PepsiCo and Taco Bell partnered to create the tropical lime flavor exclusively for Taco Bell restaurants in 2004. PepsiCo then released Mountain Dew Baja Blast, stylized MTN DEW Baja Blast, as a seasonal LTO in 2014 and is now making the beverage available at retailers nationwide in a bottle and can format for all of 2024.
To support the flavors' 20th anniversary, dubbed Bajaversary, PepsiCo will also run its first Super Bowl commercial for Baja Blast and is hosting a giveaway where consumers can collect coins for beverage purchases at retail or Taco Bell locations in exchange for Baja Blast-branded merchandise.
"MTN DEW Baja Blast has cemented its place as a fan-favorite flavor in pop culture and as a staple in countless Taco Bell orders, so we knew we had to celebrate its 20th anniversary in a big way," JP Bittencourt, VP of marketing at Mountain Dew said in a press release.
Baja Blast becomes a platform for creative flavors, as flavor innovation remains key in CSD
While switching from a limited-time offering (LTO) to a permanent product has its risk, the Baja Blast has grown from a single flavor to a sub-brand that Mountain Dew can use to create new flavors, Howard Telford, head of soft drinks at Euromonitor told FoodNavigator-USA.
“Of course, making [Baja Blast] permanent rather than seasonal might undermine some of the special LTO effect, but there’s still a lot of loyalty behind Baja Blast which has become sort of a sub-brand of its own within the Mountain Dew trademark. There have been a few different flavors launched recently under Baja itself (a pineapple Gold SKU a couple of years ago and another guava Caribbean Splash version this summer), so perhaps this is now a platform for some of Mountain Dew’s more tropical and creative flavor profiles.”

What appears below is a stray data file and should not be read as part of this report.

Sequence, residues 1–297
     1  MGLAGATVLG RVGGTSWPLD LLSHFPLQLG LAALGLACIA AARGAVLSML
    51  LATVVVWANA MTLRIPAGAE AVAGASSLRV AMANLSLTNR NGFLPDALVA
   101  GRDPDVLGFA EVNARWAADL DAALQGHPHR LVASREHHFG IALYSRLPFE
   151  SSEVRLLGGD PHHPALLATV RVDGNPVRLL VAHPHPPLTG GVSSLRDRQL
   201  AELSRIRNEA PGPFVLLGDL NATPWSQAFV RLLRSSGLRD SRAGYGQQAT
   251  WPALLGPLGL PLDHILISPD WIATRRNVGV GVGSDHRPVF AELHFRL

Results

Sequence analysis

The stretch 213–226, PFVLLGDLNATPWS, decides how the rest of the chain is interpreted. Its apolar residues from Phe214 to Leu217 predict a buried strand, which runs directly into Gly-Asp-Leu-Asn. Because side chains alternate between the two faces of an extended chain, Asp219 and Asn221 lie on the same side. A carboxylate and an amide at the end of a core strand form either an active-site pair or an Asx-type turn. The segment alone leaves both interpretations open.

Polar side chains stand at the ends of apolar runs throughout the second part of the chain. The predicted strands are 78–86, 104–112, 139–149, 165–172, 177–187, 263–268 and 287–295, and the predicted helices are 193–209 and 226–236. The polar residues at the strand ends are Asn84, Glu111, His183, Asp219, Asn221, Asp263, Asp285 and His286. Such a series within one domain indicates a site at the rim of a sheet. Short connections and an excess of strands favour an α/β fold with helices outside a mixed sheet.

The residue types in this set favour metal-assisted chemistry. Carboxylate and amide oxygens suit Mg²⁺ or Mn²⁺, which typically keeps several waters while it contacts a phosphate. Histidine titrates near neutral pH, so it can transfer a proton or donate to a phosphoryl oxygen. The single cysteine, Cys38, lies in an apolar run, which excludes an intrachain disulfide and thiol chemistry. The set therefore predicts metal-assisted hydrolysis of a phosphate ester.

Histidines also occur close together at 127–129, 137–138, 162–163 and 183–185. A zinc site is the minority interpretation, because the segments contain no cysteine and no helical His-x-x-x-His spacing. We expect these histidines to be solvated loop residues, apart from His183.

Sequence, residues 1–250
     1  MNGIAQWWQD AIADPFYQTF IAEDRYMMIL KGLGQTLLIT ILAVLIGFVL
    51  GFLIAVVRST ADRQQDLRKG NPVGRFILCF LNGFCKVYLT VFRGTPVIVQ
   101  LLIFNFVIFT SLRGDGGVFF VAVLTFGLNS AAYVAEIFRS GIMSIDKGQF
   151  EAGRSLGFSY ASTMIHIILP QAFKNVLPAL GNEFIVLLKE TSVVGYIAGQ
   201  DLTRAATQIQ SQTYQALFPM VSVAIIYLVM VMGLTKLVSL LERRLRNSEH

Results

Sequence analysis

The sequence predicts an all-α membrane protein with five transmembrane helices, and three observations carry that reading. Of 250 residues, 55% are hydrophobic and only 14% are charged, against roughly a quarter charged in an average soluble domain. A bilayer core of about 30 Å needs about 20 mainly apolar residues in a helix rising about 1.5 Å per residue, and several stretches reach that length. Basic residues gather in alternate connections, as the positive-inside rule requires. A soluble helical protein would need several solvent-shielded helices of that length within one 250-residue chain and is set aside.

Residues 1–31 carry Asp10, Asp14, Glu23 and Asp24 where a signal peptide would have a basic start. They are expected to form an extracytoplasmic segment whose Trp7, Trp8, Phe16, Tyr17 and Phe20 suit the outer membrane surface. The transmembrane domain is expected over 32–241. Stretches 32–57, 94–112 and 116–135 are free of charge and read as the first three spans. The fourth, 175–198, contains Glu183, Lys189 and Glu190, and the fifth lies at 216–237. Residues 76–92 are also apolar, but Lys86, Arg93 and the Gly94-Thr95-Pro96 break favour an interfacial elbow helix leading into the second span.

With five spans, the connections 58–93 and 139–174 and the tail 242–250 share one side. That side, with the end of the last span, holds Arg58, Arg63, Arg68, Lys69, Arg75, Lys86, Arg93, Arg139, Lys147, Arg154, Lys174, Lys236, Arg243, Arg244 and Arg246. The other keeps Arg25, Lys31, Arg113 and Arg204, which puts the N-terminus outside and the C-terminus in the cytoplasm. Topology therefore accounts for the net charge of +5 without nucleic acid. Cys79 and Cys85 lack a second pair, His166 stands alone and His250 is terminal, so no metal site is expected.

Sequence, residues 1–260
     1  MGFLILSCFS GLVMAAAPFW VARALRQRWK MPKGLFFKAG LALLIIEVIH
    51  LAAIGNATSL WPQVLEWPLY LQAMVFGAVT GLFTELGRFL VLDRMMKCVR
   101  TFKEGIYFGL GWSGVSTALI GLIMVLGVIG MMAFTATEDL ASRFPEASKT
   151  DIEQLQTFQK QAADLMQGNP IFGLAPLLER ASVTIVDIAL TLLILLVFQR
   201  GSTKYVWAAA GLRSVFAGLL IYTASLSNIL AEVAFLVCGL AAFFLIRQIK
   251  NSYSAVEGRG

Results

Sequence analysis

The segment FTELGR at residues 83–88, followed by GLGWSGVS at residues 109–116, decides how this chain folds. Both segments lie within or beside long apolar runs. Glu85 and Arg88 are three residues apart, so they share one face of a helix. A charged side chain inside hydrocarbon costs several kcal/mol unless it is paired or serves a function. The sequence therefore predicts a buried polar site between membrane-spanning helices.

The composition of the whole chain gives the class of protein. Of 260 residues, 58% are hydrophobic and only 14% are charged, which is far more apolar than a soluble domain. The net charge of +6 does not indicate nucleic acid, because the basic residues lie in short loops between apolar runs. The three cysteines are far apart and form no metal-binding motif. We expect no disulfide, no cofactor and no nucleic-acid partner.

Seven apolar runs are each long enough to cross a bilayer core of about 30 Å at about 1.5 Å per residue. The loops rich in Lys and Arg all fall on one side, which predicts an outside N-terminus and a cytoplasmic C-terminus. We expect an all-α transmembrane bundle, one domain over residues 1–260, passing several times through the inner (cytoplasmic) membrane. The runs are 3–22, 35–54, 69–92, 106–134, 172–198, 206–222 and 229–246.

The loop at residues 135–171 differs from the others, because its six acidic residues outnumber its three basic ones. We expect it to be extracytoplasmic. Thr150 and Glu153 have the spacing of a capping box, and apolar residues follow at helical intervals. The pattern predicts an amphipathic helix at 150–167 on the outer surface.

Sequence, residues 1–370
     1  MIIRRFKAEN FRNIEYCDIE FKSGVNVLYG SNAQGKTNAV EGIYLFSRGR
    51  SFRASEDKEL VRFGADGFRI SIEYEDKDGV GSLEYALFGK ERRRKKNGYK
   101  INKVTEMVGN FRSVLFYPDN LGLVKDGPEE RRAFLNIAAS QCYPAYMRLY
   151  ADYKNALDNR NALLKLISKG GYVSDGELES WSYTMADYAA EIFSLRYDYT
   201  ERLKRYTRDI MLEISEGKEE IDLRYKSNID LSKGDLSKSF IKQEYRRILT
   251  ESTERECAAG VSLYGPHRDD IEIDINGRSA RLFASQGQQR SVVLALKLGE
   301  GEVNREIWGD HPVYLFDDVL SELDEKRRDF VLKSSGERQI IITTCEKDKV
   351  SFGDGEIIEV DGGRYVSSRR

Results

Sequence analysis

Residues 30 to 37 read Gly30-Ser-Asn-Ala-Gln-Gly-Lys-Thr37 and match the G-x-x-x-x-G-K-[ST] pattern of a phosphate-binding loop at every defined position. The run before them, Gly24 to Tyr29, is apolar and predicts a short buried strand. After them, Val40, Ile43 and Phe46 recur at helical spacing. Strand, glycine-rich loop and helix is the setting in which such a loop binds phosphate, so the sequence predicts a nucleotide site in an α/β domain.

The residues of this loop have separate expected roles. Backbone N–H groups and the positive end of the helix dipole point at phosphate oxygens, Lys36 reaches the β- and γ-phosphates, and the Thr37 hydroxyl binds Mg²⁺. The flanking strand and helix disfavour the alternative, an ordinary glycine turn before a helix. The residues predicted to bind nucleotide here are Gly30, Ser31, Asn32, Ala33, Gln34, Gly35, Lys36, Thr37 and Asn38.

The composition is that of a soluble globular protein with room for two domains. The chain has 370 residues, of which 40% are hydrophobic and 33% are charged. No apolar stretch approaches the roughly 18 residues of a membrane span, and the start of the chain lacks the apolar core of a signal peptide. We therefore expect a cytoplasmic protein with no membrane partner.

Flavor innovation also remains a key area for brand success in the beverage category as consumers are looking for “interesting or limited flavor options rather than the same routine options,” Telford said. While energy-drink brands have found success with rapid flavor innovation, legacy carbonated soda drink (CSDs) brands have had a harder time with such approaches, he explained.
“If you look at the energy category, constant flavor innovation has been the model for success (i.e., Ghost’s licensing with confectionary brands or Red Bull’s seasonal LTOs) and is now a big part of how these brands generate and maintain interest. Trying to generate this with familiar legacy brands in CSDs is a challenge, and perhaps the impetus for things like the Creations launches we saw from Coca-Cola over the last year (i.e., Starlight, Dreamworld, etc.).”
He added, “However, Mountain Dew has been very successful with this model for a long time – in that respect, a CSD that’s more of an energy drink (i.e., Baja Blast, Voltage, Typhoon, Code Red, etc.), so it makes sense that they’d want to make some of these flavor properties a bigger part of their portfolio.”